Give us two or three insights on gossip that would be helpful to Christians.
Sure. First, my definition of the sin of gossip is bearing bad news behind someone’s back out of a bad heart. All three parts of that definition are important. There is (1) bad news involved (normally a shameful story, whether true or false), it is (2) shared clandestinely when the other person isn’t present, and it comes (3) out of a twisted motivation within the person (Matthew 12:34). If you want to know if something is gossip or not, ask yourself why you are sharing or receiving it.
Second, gossip can be motivated by many different things–not just jealousy or revenge, as is commonly understood. In the book, I identify at least five different heart-level motives that often result in gossip, and I’m sure there are more. For example, a lot of gossip in our culture comes from an out-of-proportion desire to escape boredom. We talk about people to amuse ourselves. But I’m learning that the foolish people of the world do not exist for my entertainment. The good news is that God offers greater and more precious promises than these multiple temptations to gossip. There is always a way out in Christ!
Third, you can’t control your reputation, and that’s okay. There are two chapters in the book on this. If people are gossiping about us, it’s out of our power to control, so we need to learn to entrust our reputations into God’s sovereign hands. Jesus was gossiped about–the nastiest rumors! So we should expect to receive some of the same treatment and handle it in a Christ-like way (1 Peter 4:12-19).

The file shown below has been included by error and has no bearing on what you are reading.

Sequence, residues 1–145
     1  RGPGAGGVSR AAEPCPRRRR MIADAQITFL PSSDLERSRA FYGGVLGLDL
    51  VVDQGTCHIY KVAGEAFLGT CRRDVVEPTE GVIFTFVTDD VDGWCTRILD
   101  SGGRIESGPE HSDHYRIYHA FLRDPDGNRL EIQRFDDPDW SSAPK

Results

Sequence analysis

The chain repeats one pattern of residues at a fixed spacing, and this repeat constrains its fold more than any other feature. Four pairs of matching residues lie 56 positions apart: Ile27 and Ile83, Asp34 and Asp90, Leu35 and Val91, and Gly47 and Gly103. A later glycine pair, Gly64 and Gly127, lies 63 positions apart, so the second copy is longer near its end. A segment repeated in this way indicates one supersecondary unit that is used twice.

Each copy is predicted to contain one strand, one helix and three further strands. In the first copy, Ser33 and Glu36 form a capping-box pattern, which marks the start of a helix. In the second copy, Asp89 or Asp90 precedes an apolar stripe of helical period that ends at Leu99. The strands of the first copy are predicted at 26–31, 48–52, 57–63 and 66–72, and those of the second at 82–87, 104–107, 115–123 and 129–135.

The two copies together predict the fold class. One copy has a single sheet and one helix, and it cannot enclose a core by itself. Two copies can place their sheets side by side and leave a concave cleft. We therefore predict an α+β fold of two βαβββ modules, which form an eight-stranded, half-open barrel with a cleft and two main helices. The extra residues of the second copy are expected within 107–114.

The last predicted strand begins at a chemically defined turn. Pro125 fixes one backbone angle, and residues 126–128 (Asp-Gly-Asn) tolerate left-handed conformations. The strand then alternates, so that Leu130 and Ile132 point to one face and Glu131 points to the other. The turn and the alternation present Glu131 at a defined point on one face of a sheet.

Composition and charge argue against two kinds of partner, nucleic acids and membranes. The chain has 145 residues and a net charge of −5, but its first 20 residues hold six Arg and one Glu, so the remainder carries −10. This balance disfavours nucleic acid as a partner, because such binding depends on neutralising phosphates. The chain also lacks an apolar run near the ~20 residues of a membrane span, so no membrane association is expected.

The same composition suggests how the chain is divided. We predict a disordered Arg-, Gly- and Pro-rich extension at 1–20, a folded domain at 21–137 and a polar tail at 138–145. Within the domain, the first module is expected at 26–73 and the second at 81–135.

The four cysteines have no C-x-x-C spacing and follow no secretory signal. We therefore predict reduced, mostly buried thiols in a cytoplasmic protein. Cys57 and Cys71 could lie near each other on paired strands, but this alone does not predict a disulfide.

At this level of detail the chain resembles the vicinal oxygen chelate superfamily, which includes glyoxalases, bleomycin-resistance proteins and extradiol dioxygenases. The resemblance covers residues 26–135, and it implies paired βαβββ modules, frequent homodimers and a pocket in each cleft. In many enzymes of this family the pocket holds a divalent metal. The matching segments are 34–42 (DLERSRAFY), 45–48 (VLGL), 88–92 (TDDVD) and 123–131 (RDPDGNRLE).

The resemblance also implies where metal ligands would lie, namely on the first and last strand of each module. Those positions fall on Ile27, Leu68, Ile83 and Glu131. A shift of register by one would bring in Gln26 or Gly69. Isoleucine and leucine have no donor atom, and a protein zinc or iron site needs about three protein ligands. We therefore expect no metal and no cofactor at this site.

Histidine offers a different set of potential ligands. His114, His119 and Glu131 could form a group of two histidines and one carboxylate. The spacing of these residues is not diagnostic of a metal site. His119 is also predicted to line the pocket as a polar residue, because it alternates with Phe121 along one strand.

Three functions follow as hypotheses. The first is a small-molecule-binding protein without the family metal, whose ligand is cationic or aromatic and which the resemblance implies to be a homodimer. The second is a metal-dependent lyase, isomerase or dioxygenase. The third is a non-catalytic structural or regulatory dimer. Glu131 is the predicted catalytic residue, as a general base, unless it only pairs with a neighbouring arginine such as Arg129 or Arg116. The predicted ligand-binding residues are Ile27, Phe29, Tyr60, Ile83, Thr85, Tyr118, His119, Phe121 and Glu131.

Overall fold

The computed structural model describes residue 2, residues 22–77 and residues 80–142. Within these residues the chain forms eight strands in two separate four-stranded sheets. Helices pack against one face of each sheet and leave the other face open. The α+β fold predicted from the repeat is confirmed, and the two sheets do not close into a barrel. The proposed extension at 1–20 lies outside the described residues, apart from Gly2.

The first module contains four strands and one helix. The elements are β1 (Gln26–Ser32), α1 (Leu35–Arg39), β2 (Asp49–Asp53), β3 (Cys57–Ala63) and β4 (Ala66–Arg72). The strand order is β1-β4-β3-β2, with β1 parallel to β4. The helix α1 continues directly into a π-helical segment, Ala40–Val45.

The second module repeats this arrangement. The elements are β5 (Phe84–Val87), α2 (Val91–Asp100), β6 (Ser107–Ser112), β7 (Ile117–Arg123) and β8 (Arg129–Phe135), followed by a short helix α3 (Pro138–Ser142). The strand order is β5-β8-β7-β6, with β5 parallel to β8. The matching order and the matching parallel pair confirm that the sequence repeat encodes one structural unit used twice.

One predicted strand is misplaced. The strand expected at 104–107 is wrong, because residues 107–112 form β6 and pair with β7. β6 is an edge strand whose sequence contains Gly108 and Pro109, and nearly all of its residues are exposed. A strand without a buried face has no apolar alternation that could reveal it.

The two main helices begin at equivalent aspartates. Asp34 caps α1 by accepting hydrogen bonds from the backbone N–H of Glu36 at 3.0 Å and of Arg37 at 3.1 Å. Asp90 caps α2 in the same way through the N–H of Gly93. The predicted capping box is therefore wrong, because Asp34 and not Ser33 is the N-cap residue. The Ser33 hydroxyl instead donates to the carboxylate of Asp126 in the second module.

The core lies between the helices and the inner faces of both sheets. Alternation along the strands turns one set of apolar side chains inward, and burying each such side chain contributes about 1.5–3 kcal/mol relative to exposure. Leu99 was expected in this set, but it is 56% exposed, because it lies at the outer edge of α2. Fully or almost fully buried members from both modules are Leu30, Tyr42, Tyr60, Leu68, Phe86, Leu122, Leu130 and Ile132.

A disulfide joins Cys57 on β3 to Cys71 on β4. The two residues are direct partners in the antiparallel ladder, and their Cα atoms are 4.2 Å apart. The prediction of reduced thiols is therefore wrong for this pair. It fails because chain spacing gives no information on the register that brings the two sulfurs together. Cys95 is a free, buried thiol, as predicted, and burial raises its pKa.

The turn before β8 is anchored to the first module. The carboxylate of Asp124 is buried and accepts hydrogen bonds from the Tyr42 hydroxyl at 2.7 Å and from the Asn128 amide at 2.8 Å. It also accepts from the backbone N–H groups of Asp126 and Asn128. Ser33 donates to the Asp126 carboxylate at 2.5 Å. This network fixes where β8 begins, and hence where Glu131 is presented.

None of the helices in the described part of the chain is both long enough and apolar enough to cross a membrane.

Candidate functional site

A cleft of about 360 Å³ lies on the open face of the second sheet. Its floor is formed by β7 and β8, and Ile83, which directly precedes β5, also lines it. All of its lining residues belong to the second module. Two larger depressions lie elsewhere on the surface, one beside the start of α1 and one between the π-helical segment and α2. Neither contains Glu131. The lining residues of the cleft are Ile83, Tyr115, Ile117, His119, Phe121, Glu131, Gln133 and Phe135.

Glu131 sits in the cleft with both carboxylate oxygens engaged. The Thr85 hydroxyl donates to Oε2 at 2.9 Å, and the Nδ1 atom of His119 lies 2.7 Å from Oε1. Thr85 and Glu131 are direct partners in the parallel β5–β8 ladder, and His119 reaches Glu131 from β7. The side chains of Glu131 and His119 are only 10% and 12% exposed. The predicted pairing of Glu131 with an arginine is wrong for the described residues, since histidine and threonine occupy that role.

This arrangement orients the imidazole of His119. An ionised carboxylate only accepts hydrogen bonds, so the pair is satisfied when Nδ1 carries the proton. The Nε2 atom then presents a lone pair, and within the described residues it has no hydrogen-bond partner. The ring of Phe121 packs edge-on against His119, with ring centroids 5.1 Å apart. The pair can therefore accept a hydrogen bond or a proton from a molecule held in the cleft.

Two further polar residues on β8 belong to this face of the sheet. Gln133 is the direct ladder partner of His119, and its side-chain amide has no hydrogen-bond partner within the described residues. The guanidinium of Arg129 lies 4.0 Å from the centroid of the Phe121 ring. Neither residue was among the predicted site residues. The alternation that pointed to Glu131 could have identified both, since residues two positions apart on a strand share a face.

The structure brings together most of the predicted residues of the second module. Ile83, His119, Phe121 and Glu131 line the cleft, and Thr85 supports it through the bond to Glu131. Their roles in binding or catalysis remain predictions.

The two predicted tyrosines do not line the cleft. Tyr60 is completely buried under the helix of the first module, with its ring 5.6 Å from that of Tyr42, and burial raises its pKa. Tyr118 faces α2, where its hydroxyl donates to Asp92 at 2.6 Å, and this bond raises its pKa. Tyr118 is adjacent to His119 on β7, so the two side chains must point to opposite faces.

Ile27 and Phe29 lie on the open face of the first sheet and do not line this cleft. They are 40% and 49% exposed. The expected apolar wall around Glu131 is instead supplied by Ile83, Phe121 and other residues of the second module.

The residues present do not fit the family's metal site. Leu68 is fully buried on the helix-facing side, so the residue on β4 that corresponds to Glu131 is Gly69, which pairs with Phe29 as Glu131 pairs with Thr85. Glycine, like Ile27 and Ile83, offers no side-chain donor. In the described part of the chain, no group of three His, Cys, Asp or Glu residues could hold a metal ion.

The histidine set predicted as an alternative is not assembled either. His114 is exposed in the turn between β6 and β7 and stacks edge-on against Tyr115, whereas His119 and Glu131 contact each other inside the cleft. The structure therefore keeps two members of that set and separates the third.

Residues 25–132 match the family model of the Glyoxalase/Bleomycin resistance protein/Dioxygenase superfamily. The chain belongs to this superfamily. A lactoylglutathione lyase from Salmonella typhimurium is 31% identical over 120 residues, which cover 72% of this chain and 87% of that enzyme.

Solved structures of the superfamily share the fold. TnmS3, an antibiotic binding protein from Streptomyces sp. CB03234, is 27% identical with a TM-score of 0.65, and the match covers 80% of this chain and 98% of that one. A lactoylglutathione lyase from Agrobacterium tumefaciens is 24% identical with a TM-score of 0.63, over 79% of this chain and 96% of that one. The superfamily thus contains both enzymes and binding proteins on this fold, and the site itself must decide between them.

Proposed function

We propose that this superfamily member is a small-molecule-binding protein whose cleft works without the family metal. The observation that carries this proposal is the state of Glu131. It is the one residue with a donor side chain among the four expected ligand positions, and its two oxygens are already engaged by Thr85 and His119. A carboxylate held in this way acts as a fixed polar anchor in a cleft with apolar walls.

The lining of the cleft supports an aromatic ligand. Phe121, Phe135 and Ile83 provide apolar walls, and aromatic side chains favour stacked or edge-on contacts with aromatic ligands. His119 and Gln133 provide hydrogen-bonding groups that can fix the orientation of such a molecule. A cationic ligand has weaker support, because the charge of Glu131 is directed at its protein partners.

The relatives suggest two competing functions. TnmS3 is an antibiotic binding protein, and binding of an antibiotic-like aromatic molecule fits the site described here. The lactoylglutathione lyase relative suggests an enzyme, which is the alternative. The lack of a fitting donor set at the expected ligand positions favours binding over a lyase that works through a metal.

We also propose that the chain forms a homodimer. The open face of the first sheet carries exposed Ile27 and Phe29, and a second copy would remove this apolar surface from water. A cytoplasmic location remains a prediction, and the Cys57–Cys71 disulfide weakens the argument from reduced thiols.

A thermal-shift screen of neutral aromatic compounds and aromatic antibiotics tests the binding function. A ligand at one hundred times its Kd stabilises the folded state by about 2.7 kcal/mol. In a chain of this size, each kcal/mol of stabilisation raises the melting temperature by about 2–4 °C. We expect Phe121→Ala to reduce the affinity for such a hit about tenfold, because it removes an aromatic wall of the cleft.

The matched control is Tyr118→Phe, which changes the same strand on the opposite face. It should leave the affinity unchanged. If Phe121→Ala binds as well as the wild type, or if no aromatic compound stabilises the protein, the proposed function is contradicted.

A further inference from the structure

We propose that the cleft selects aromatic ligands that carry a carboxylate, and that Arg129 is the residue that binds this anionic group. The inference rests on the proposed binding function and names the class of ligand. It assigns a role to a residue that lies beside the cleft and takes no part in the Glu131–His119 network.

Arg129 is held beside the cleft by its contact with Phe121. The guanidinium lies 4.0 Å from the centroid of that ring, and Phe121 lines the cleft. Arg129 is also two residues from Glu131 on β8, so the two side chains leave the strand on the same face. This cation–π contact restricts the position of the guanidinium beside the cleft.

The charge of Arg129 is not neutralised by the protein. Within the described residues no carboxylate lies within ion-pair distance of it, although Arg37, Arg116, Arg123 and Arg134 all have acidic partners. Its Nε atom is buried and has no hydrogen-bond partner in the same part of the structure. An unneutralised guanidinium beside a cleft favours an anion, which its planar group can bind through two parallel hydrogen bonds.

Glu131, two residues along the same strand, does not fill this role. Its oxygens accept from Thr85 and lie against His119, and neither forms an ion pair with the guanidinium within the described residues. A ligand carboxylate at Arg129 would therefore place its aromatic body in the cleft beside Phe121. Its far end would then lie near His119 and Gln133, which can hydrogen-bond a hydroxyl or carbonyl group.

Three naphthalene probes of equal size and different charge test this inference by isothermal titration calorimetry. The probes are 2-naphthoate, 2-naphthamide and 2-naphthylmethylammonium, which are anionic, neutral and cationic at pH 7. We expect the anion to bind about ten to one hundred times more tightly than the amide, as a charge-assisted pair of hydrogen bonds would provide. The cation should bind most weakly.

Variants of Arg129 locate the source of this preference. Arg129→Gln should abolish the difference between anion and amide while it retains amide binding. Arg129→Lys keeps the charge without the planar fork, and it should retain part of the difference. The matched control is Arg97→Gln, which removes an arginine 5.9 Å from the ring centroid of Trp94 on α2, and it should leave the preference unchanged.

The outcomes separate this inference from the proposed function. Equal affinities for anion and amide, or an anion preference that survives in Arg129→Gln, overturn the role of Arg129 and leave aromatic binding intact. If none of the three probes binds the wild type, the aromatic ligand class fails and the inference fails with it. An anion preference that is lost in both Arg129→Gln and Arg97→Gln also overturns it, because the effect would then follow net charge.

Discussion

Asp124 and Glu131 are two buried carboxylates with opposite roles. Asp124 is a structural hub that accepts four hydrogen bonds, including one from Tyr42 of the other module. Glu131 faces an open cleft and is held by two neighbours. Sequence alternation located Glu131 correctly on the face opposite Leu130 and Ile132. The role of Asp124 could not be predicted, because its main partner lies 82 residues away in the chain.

Also, as you pointed out in one of your blog posts, jealousy is often the root behind gossip and slander.
Good points, though people can deceive themselves as to the motive of sharing “bad news.” I think the greatest test is simply this: “How would I feel if someone talked about me this way without my permission?” When issues of sin are involved, Matthew 18 is pretty clear on what to do and not to do. Namely, go to the person in private. If they don’t repent (stop committing the specific sin), then take others to talk with them. If the sinning person still doesn’t repent, then and only then should it be “told to the church.” In such cases, it’s not gossip to do so. However, many Christians never go through the first two steps. And step two can last a long time, urging the person with forbearance to stop doing what they are doing (repent), which is injuring others (sin).
What has the response been to the book so far?
Very encouraging in every way. Early reviews have been positive and the publisher, CLC Publications, is encouraged by the sales–the book may soon go into its second printing, and it just came out this month. They are also contemplating a Spanish translation.
What’s most encouraging to me is hearing about small groups, Bible studies, and individuals who are reading the book and the way God is using it to re-direct conversations and lives. One reader recently commented, “Public confession … I have been reading a celebrity gossip blog and I deleted my RSS feed after this line in your book, the foolish people of this world do not exist for my entertainment.” Another wrote, “It helped me to remember to be a gracious person.” Another reader told me that God had used the book to unearth pettiness and pride in him that he hadn’t realized were there. I’m pleased to be a part of what God is doing in these readers’ lives and looking forward to hearing about more.
What else do you want readers to know about your book?
At my website–resistinggossip.com–readers can find out more about the book, watch the video trailer, preview the foreword by Ed Welch of CCEF, read the introduction and first chapter, and get ordering information from booksellers such as Amazon, CBD, WTSBooks, Next Step Resources, and CLC Bookcenter. Resisting Gossip is also available in several e-book formats.
Thanks for the opportunity to tell your readers about it!